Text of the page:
While Chilean cartoonist Pablo Delcielo and his writing partner Shihab Alen (a nom de plume, apparently, for one Raimundo Gunen) open their 2017 Perfectly Acceptable-published illustrated poetic essay Anarchy In The Kingdom Of Heaven with a reference to Philip K. Dick, in both tone and content their visionary (in the strictest sense of the term) project actually evokes the writings of spiritual anarchist authors ranging from Henry David Thoreau to Peter Lamborn Wilson/Hakim Bey, albeit with a distinctly, and entirely understandable, anti-imperialist streak ever-present in its suggestions and implications. It is, however, no less radical (again, in the strictest sense of that word) for that fact.
Heavily informed by the Latin American experience with colonialism both military and economic, this is a short-form thorough re-thinking of possible futures in the face and aftermath of Western exploitation, and as such is unafraid to call out the American empire as fascist from the outset and go from there, Bullshit, then, being in very short supply in these brightly-hued, amazingly imaginative pages, it’s incumbent upon the authors to posit an alternative to rapacious greed and self-centeredness, and damn if they don’t offer up the most wide-ranging one of all : everything.
And maybe the kitchen sink, too, come to think of it. Freedom, self-determination, voluntary co-operation as the glue of social cohesion, this is strikingly Utopian stuff on the one hand, but also utterly practical provided one is capable of discarding the cynicism that this corrupt and evil system has inculcated in all of us for at least the time it takes to read this gorgeously-produced example of riso-printed artistry. An examination of the here and now from a radical leftist (or maybe that should be post-leftist) perspective is always welcome, of course, but when it goes the extra mile and shows us where we can go once that here and now is over? Well, shoot, that’s just plain ambitious, and probably exactly the tonic we need to these ludicrously troubled times.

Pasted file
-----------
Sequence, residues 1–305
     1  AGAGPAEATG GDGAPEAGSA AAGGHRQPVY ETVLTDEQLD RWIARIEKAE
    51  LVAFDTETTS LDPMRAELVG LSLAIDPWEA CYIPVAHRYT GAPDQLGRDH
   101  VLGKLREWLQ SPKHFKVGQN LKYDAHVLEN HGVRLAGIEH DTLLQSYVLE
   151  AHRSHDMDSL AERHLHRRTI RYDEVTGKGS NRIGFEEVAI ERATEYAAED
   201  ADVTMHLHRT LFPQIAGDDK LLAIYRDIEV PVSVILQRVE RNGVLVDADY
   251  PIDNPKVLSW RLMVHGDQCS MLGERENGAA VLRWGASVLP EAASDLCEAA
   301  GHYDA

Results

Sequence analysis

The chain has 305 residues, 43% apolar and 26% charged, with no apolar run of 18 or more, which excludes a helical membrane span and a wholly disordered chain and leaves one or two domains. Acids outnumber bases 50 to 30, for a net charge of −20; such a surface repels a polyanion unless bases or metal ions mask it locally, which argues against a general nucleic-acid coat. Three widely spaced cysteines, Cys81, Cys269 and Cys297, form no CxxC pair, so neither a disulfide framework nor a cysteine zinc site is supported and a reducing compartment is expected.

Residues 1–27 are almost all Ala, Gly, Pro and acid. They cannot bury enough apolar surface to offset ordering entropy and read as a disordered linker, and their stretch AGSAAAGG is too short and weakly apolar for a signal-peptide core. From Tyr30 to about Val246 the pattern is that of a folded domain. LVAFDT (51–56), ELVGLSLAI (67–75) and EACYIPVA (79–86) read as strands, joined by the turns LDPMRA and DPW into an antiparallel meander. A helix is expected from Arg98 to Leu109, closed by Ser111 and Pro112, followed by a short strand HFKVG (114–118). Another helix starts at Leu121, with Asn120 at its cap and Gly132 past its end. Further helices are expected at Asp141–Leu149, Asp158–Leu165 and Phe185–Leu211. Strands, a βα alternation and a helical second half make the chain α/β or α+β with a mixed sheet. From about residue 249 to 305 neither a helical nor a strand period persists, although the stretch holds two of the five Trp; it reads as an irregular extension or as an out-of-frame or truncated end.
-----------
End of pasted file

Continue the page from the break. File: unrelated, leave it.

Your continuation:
Ultimately, though, words are used here as a gateway to what is a visual response to capitalism’s violent death throes — after all, when what’s taken as a given is dispensed with (especially when that’s a mercy killing), then all imitations on possibility are discarded, as well, and the scope of our imaginations, individually and collectively, becomes our only metaphorical prison cell. To say that Delcielo has cast off his artistic shackles and fully embraced his own liberation is, as the images included with this review clearly demonstrate, a mighty understatement indeed, and while this is illustration that broadly falls into the pseudo-category of “kaleidoscopic,” that’s just as true in the conceptual sense as it is the physical one. There might be a hint of John Pham influence on the margins here — both in terms of some of the “bubbly” figure drawings as well as the color palette, rife as it is with fluorescent pinks and yellows and more muted blues, along with hints of metallic gold — but apart from that, Delcielo’s art exists in a category of one : its own.
It’s cosmic stuff, to be sure, but so are the concepts at play herein : playfulness, the liberation of desire, the shedding of competition as the basis of human interaction in favor of co-operation and voluntary association, these only seem daunting — in truth, they’re fun, they’re healthy, and they’re limitless. Delcielo not only understands this, he understands how to communicate it via his art, and how to make sure his message lands with a kind of tremendously heartfelt impact. Go ahead, give a detailed, intricate examination to each page, or each double-page spread — the more you take it all in, the more you’ll enjoy it.
And it’s no coincidence that enjoyment on a mass scale — each individual leading a truly happy and fulfilled life — is what Delcielo and Alen want for all of us. And while their remarkable, gorgeous book may not be enough in and of itself to usher in the era of pure ecstasy they envision, it offers ecstatsies aplenty to all readers in the time that they spend with it.
Anarchy In The Kingdom Of Heaven is available for $10.00 from Perfectly Acceptable press at http://perfectly-acceptable.com/item/anarchy-in-the-kingdom/
Review wrist check – I was wearing my Farer Universal “Stanhope” for this one, riding on a Hirsch “James” strap from their “Performance” series. This is the only non-automatic timepiece in my modest little collection — no, it’s not a quartz movement watch, it’s got a hand-wound mechanical movement. Wind it 20, maybe 30 times in the morning and it’s good to go for about two days, with maybe a total loss of three seconds or so in that time. A fun, slim little number that dresses up nicely on a strap like this but can look remarkable casual on others. “Versatile as hell,” I believe, is the term that we’re looking for.